Monday, March 26, 2012

Stay tuned ...

We have now come to the part of the year where every day I wonder if I'm finally going to again run the half-marathon in June. If so, a training person would have started training on Saturday. I did not. In fact, at some point on Saturday it became impossible to distinguish where my own skin ended and the couch began. Of course this is all the more reason to start training for a half-marathon. Stay tuned.

Bow Tie Pasta with Red Bell Peppers, Cherry Tomatoes, and Garlicky Cashew Cream Sauce: This was a big adventure, my first shot at using nuts to make a "cheesy" sauce. I totally loved this. The sauce is powdered cashews mixed with hot sauce and water and lots of garlic, which is added to a pan with the pasta and peppers and tomatoes, then topped with basil and fresh tomatoes.

I'll totally make this again.

Persona: Hard to say exactly what the hell unfolds in this one, a mid-1960s movie by Ingmar Bergman in which an actress shows up in a ward after having some sort of episode while on stage that rendered her speechless and giggle-filled. She goes away to a beach house with a private nurse, who uses her silence to reveal all sorts of deep darks. This movie is filled with all sorts of uncomfortable chatter and it kind of lulls you into a weird trance. You will see it as the roots of "Mullholland Drive."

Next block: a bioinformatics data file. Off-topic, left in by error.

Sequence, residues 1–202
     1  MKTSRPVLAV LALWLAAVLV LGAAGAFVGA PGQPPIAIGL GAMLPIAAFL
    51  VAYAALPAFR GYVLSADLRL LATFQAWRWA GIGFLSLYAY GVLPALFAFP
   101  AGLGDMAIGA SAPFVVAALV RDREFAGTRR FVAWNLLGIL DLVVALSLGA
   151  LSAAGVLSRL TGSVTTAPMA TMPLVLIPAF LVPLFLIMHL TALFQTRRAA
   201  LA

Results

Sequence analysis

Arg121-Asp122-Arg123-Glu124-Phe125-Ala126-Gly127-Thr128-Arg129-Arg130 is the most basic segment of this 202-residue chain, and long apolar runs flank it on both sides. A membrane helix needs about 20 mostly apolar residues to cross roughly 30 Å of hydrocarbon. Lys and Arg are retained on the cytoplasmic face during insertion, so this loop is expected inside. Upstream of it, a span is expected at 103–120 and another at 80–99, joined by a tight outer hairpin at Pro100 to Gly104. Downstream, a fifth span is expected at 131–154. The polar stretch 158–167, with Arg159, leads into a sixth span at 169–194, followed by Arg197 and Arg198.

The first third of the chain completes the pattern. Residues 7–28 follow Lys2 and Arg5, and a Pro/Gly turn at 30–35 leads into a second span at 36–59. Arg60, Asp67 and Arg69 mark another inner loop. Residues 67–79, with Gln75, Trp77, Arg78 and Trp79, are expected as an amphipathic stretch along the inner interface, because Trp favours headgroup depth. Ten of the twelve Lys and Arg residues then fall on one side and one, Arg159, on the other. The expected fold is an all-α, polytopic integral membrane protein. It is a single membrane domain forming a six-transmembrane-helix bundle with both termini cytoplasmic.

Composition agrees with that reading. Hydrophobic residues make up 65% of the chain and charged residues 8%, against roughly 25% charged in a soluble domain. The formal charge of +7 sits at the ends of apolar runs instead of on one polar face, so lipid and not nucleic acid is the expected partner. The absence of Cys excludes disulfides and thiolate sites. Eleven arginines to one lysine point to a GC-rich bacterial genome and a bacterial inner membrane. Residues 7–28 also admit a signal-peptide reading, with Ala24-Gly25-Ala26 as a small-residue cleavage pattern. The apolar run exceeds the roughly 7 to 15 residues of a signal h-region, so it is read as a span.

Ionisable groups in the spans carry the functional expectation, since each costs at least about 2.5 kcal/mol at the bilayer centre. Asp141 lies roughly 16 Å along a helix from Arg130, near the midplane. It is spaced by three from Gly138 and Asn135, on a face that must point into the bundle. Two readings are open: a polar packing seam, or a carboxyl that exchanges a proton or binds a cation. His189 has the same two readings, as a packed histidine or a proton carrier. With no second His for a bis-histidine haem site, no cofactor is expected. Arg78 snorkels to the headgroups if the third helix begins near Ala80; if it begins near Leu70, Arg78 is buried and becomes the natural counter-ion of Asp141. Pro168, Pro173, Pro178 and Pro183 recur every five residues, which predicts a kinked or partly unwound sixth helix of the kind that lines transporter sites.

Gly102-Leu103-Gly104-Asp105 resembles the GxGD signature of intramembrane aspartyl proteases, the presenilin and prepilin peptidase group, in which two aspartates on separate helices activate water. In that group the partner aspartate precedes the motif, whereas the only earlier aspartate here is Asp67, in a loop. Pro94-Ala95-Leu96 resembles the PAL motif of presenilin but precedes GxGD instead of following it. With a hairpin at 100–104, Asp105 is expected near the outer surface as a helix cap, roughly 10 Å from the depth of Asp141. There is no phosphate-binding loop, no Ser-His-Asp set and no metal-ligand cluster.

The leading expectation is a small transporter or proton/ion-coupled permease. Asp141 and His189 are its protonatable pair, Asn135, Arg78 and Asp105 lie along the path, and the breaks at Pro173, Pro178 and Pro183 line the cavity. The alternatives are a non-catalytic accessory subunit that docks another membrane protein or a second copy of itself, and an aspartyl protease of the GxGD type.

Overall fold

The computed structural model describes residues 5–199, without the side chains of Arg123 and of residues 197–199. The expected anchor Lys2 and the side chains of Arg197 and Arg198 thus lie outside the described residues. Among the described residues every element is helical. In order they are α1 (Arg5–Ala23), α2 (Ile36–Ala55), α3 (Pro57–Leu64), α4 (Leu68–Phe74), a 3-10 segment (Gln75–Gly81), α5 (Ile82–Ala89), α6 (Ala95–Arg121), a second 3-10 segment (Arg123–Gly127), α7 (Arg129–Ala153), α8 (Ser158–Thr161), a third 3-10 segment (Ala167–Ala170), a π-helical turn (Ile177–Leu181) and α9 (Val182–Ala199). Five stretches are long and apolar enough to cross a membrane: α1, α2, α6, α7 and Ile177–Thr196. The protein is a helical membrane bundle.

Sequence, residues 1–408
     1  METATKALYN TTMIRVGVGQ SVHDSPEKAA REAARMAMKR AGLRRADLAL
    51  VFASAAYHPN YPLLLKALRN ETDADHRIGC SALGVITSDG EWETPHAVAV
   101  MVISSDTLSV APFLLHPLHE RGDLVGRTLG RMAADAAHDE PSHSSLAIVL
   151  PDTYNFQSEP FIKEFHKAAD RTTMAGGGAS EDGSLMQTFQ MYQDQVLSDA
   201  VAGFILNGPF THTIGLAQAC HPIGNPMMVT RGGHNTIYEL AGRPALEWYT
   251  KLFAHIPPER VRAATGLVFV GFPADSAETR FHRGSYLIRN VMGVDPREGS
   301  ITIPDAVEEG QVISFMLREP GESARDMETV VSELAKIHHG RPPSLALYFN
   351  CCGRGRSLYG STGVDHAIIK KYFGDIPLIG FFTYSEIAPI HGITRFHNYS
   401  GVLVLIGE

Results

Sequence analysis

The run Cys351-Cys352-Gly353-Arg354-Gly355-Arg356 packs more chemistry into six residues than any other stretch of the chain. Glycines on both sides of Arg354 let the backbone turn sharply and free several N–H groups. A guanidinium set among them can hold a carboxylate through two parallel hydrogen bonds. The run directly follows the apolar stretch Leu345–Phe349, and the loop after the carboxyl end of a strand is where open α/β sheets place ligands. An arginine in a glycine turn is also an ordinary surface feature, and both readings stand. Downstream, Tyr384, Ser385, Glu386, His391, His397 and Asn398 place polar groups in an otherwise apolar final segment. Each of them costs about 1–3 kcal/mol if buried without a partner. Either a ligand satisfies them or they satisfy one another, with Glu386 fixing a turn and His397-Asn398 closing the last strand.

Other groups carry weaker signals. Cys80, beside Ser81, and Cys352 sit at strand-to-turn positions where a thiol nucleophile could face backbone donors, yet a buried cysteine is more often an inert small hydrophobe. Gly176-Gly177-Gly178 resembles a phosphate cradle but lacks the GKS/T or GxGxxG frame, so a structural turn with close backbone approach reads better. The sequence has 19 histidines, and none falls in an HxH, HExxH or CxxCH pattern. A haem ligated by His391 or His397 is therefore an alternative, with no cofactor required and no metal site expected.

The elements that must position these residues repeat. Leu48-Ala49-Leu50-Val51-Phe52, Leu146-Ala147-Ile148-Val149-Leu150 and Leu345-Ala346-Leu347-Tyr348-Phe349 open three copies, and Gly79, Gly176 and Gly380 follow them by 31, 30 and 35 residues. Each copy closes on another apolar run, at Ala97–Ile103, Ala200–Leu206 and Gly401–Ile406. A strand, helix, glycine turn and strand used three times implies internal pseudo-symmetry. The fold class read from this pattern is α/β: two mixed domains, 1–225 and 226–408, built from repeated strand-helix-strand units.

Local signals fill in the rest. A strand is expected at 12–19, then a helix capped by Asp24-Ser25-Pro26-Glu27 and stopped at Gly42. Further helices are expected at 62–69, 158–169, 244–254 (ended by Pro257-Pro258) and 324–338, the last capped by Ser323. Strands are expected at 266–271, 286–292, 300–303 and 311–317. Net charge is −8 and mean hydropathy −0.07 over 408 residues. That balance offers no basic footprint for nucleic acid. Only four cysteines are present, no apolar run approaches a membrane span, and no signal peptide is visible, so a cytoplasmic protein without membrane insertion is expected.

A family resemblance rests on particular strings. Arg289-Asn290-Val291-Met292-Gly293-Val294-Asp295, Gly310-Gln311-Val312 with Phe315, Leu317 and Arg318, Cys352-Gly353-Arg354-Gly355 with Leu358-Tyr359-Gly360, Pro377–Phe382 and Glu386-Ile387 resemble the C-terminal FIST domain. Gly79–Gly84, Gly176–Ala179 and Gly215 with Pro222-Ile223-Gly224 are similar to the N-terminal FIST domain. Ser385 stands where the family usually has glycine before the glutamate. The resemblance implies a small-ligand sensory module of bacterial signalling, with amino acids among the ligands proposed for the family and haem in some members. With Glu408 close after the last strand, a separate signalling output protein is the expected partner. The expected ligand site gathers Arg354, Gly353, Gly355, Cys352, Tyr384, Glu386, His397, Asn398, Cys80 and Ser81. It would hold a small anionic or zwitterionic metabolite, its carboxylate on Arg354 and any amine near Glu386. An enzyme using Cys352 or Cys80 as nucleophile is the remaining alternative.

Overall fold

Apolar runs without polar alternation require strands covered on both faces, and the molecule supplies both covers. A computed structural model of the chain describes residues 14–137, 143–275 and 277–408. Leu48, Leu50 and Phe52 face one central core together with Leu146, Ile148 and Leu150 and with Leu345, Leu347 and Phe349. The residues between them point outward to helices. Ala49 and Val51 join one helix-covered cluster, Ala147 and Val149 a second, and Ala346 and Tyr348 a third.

All About Eve: Holy Crap. I have a new favorite movie. Every once in awhile it feels like the universe really wants you to watch something. It throws the title in front of your eyeballs again and again and then brings it up in conversation repeatedly until finally you just have to suck it up and watch your new favorite movie.